The chairman of the Federal Reserve, Ben S. Bernanke, said on Monday that he supported a second round of additional spending measures to help stimulate the economy.
“With the economy likely to be weak for several quarters, and with some risk of a protracted slowdown, consideration of a fiscal package by the Congress at this juncture is appropriate,” Bernanke told the House Budget Committee.
His remarks were his first endorsement of another round of energizing stimulus, which Democrats on Capitol Hill have advocated and Republicans have resisted.
The White House, which flatly opposed a second stimulus package championed by House Democrats last month, said on Monday that President Bush was open to proposals. But aides to Bush still expressed skepticism about Democratic ideas that had surfaced so far.
“We’re open to ideas and we’ll take a look at what comes our way,” Dana Perino, Bush’s press secretary, said aboard Air Force One as the president was flying to a business gathering in Alexandria, La. “What we’ve seen put forward so far, by the leaders in Congress, the Democrats, were elements of a package that we did not think would actually stimulate the economy.”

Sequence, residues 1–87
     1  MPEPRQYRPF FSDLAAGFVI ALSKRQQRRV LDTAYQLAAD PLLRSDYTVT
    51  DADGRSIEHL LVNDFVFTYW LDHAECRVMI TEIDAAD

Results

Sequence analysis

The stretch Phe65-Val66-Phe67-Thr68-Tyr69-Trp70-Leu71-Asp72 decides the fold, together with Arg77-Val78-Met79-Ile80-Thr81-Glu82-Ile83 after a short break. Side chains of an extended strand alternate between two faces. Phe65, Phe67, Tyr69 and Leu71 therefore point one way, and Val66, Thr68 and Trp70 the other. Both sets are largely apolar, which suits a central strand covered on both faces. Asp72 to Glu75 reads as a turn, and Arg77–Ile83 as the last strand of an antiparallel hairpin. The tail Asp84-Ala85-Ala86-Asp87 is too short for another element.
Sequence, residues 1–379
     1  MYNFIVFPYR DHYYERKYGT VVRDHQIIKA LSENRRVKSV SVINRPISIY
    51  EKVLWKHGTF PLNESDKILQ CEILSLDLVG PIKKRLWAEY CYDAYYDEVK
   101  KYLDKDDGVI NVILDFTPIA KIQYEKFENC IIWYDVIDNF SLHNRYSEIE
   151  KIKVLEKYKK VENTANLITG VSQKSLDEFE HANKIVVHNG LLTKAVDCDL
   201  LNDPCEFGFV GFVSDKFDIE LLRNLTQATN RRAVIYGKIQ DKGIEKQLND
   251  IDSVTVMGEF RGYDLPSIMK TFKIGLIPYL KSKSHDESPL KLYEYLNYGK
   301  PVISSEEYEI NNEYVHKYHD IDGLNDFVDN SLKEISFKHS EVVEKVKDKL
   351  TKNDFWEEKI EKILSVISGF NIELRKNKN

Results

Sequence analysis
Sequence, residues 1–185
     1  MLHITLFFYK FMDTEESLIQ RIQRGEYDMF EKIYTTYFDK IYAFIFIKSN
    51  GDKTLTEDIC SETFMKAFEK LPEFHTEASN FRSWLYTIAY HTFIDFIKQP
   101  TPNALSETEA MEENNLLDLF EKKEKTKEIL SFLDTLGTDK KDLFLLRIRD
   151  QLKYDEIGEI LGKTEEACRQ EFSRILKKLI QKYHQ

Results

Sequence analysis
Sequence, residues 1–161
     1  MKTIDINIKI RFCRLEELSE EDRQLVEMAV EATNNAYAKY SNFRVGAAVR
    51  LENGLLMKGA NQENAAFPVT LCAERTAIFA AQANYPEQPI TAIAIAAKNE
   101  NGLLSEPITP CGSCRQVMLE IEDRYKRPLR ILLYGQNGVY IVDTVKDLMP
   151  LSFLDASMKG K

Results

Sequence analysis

Still, Bernanke’s testimony strengthened the hand of Democrats, who are pushing for a package of spending that could total $150 billion to $300 billion. The testimony could put pressure on Bush to either enter discussions or risk losing the initiative and appearing behind the curve.
Democratic leaders would like to pass a spending bill in a lame-duck session of Congress immediately after the elections on Nov. 4. But that would depend on whether Bush was willing to agree on a deal. If Democrats cannot prevent Bush from vetoing a bill, they will most likely wait until the next president takes office in January.
To draw in the White House as well as Republican lawmakers, Democrats are casting around for measures that Bush has wanted. One possible inducement could be passing a long-stalled free-trade agreement with Colombia. Republicans are also pushing for additional tax cuts, and there might be ground for agreement on that front.
An earlier stimulus package, in which the government mailed out almost $100 billion in tax rebates during the spring and summer, provided a temporary lift to incomes and consumer spending. But the lift faded by late summer. Since then, the economic downturn has, if anything, accelerated.
“Chairman Bernanke made it clear that a new economic recovery package is critical to boost our weakening economy,” said Rep. Nancy Pelosi, the House Speaker. “I call on President Bush and congressional Republicans to once again heed Chairman Bernanke’s advice.”
Republican House lawmakers warned that they were likely to fight a new stimulus bill if it relied on spending.
“We should not be under any illusion that this stimulus package will address the core problems,” said Rep. Paul Ryan of Wisconsin, the senior Republican on the House Budget Committee. “If Congress is going to take action, it should be through fast-acting tax policy that boosts incentives to invest and create jobs.”